How do Drugs and Biologics Differ?

Lab Tech
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Drugs versus Biologics

  • A biologic is manufactured in a living system such as a microorganism, or plant or animal cells. Most biologics are very large, complex molecules or mixtures of molecules. Many biologics are produced using recombinant DNA technology.
  • A drug is typically manufactured through chemical synthesis, which means that it is made by combining specific chemical ingredients in an ordered process.
  • Drugs generally have well-defined chemical structures, and a finished drug can usually be analyzed to determine all its various components. By contrast it is difficult, and sometimes impossible, to characterize a complex biologic by testing methods available in the laboratory, and some of the components of a finished biologic may be unknown.
  • Therefore, for biologics, "the product is the process." Because the finished product cannot be fully characterized in the laboratory, manufacturers must ensure product consistency, quality, and purity by ensuring that the manufacturing process remains substantially the same over time. By contrast, a drug manufacturer can change the manufacturing process extensively and analyze the finished product to establish that it is the same as before the manufacturing change.
  • The living systems used to produce biologics can be sensitive to very minor changes in the manufacturing process. Small process differences can significantly affect the nature of the finished biologic and, most importantly, the way it functions in the body. To ensure that a manufacturing process remains the same over time, biologics manufacturers must tightly control the source and nature of starting materials, and consistently employ hundreds of process controls that assure predictable manufacturing outcomes.
  • Process controls for biologics are established separately for each unique manufacturing process/product, and are not applicable to a manufacturing process/product created by another manufacturer. These process controls may also be confidential to the original manufacturer. Therefore, it would be difficult or impossible for a second manufacturer to make the "same" biologic without intimate knowledge of and experience with the innovator's process.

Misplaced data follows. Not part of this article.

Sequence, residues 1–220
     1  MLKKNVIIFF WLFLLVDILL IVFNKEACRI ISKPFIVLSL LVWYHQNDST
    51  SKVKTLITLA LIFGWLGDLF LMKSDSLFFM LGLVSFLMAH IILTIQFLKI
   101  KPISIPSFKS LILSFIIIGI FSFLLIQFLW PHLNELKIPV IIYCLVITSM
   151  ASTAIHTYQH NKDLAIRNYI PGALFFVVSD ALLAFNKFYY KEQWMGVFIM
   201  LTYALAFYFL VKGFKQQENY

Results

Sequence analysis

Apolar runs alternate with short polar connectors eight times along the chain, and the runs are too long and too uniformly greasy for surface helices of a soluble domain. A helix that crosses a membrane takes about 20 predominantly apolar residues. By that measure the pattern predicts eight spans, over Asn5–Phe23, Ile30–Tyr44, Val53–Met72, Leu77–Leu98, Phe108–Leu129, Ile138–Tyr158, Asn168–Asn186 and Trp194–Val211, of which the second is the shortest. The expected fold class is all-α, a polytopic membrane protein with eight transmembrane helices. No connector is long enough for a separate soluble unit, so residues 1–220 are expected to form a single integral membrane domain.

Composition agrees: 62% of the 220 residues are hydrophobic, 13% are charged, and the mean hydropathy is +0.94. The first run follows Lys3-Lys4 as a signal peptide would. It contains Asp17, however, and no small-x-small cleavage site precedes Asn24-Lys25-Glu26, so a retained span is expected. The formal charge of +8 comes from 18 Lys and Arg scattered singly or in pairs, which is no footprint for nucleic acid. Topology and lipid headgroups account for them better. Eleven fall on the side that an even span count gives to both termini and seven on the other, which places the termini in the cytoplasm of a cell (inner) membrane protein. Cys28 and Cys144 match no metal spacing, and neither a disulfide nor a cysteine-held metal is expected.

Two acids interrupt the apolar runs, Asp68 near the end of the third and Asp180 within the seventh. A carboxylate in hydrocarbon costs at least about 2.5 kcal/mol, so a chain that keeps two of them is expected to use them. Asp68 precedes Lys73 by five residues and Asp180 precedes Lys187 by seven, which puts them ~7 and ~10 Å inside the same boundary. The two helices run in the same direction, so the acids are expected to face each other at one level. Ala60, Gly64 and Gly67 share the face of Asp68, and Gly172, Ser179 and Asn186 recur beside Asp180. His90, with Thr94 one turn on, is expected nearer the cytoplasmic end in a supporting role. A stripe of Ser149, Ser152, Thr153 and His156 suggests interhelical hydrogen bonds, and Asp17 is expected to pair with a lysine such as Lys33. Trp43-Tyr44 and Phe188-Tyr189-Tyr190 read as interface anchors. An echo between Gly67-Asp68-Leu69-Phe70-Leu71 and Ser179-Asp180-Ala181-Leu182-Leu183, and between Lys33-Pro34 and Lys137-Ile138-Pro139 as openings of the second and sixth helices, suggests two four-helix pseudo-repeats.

Generics Drugs versus Follow-On Biologics

  • To be approved as a generic, a drug must have the same active ingredient, strength, dosage form, and route of administration as the reference drug, and it must also be "bioequivalent." This means that generic drugs are the same chemically as their innovator counterparts and that they act the same way in the body. The bioequivalence of the generic drug is demonstrated through relatively simple analyses such as blood level testing, without the need for human clinical trials. In approving a generic drug under 505(j) of the FDCA, FDA determines that the generic is "therapeutically equivalent" to the innovator drug, and is interchangeable with it.
  • FDA has stated that it has not determined how interchangeability can be established for complex proteins (http://www.fda.gov/Drugs/DevelopmentApprovalProcess/HowDrugsareDevelopedandApproved/ApprovalApplications/TherapeuticBiologicApplications/Biosimilars/default.htm, November 2010). Historically, FDA has permitted interchangeability only when two products are "therapeutic equivalents." However, when the follow-on manufacturer establishes a new manufacturing process, beginning with new starting materials, it will produce a product that is different from and not therapeutically equivalent with that of the innovator. Because of the complexity of biologics, the only way to establish whether there are differences that affect the safety and effectiveness of the follow-on product is to conduct clinical trials.
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